Jersey Boys (2014) – Walk like a man

Jersey Boys is an intelligent and methodical look at the rise and fall of well loved pop group Frankie Valli and the Four Seasons. The film is based on the Tony Award winning jukebox musical of the same name and, by the sounds of it, sticks pretty close to the source. The show’s creators Marshall Brickman – who co-wrote several Woody Allen movies in the 70s – and Rick Elice are the brains behind this project too, along with business-minded Four Season’s keyboardist and writer Bob Gaudio, who instigated the initial development. The legend himself, Clint Eastwood, making technically his first foray into musical directing, brings his typically slow style to this adaptation which tips its hat to gangster films and documentary form. The film brought on many cast and crew involved with the show’s creation and various runs since, so there was a wealth of experience to work with. The story itself is a stranger-than-fiction journey that will probably even surprise Four Seasons fans, starting with small time criminality, rising to number one singles, and almost ending in bankruptcy. One thing’s for sure: these Jersey boys had a great work ethic.

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Following the lead of the stage show, Jersey Boys is constructed like a dramatised documentary, and the technique works fairly well. The drama plays out as if through a series of correlating interviews, with each of the Four Seasons providing some to-camera narration. As Elice describes it, the story develops with each member leading a particular season in the band’s history – from the excitement of spring to the depression of winter. This style, while slightly jarring at first, finds its place as the narrative goes on, and ultimately makes a lot of sense. Some of the characters fade away by the end, but that reflects reality, as the group fractures to the point where it’s just Gaudio and esteemed pop producer Bob Crewe writing solo material for Valli. The hardships of touring life and raising families create immense stress, particularly when coupled with the ties to organised crime. It’s a story of similar nature to Frank Sinatra’s, a reference made multiple times, and definitely interesting. The one departure Eastwood has made from the stage show is to include a finale number at the end, bringing back all the characters for a joyous song and dance. On paper it sounds lame, although it really captures an element of stage musical production that gives a loving nod to the source, and the genre as a whole.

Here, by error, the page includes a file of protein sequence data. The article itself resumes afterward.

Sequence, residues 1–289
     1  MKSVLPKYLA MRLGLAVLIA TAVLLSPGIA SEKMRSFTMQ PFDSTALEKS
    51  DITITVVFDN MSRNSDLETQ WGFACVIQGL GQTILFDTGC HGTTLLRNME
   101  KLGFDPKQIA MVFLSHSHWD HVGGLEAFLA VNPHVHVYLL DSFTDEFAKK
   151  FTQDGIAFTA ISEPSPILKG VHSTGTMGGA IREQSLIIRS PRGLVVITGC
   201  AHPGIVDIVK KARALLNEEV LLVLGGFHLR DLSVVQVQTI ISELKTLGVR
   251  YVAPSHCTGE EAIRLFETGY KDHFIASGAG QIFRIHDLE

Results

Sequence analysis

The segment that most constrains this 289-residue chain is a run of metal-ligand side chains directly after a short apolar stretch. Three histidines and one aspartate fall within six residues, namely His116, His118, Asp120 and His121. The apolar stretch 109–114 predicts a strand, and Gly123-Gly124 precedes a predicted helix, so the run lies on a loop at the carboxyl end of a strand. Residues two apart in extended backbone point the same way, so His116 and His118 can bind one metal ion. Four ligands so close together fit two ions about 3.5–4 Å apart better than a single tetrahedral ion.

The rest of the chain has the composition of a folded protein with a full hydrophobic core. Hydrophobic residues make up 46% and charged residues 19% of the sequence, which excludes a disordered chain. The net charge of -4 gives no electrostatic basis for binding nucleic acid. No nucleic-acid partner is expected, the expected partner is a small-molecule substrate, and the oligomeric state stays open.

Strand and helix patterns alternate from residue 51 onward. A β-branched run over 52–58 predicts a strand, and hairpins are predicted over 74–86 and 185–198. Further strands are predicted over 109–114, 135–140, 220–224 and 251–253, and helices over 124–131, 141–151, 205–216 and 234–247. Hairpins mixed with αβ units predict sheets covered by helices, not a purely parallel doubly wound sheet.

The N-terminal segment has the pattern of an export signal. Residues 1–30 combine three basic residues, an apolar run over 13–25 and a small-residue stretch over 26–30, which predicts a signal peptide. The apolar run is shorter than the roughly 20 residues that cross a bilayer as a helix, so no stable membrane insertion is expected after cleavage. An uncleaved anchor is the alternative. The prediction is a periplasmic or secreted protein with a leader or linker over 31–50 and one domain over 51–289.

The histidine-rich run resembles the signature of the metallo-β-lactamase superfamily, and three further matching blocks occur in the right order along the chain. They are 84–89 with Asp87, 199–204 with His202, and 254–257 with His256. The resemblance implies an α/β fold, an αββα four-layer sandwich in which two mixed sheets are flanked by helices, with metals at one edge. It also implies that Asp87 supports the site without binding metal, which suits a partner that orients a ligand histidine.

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For the cast, Eastwood has selected almost exclusively performers from the stage productions. This has brought a lot to the production, as it means the actors already knew what they were doing, and had a proven ability to play and sing like their characters. It also means there are few famous faces obscuring the drama on screen. However, it was also a little brave, considering the talent had much less experience acting to cameras than others may have had. Fortunately, they all seem to have managed pretty well, and the musical numbers have added authenticity, something Eastwood would have strived for. John Lloyd Young portrays Valli as an honourable and respectable man with the voice of an angel, Michael Lomenda has a blast with the highs and lows of bassist Nick Massi, and Erich Bergen is the aloof genius Gaudio. Mike Doyle is quite brilliant as producer Crewe too, although the man was apparently much less flamboyant in reality. Then there is the exception of television actor Vincent Piazza, who draws instead on his experience in Boardwalk Empire and The Sopranos and does a remarkable job playing black sheep of the family, Tommy DeVito. Also on that side of the fence is Cristopher Walken, who is at once magnetic and unobtrusive, playing the godfather type, Gyp DeCarlo.

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Jersey Boys is an impressive film with great elements to work with, particularly the story, which is captivating. Eastwood has done a great job balancing musical elements with the unconventional documentary stylings to good effect, although it may play out a little slowly for some. You barely notice that you’re a musical until the uplifting end number, and I mean that in a good way.

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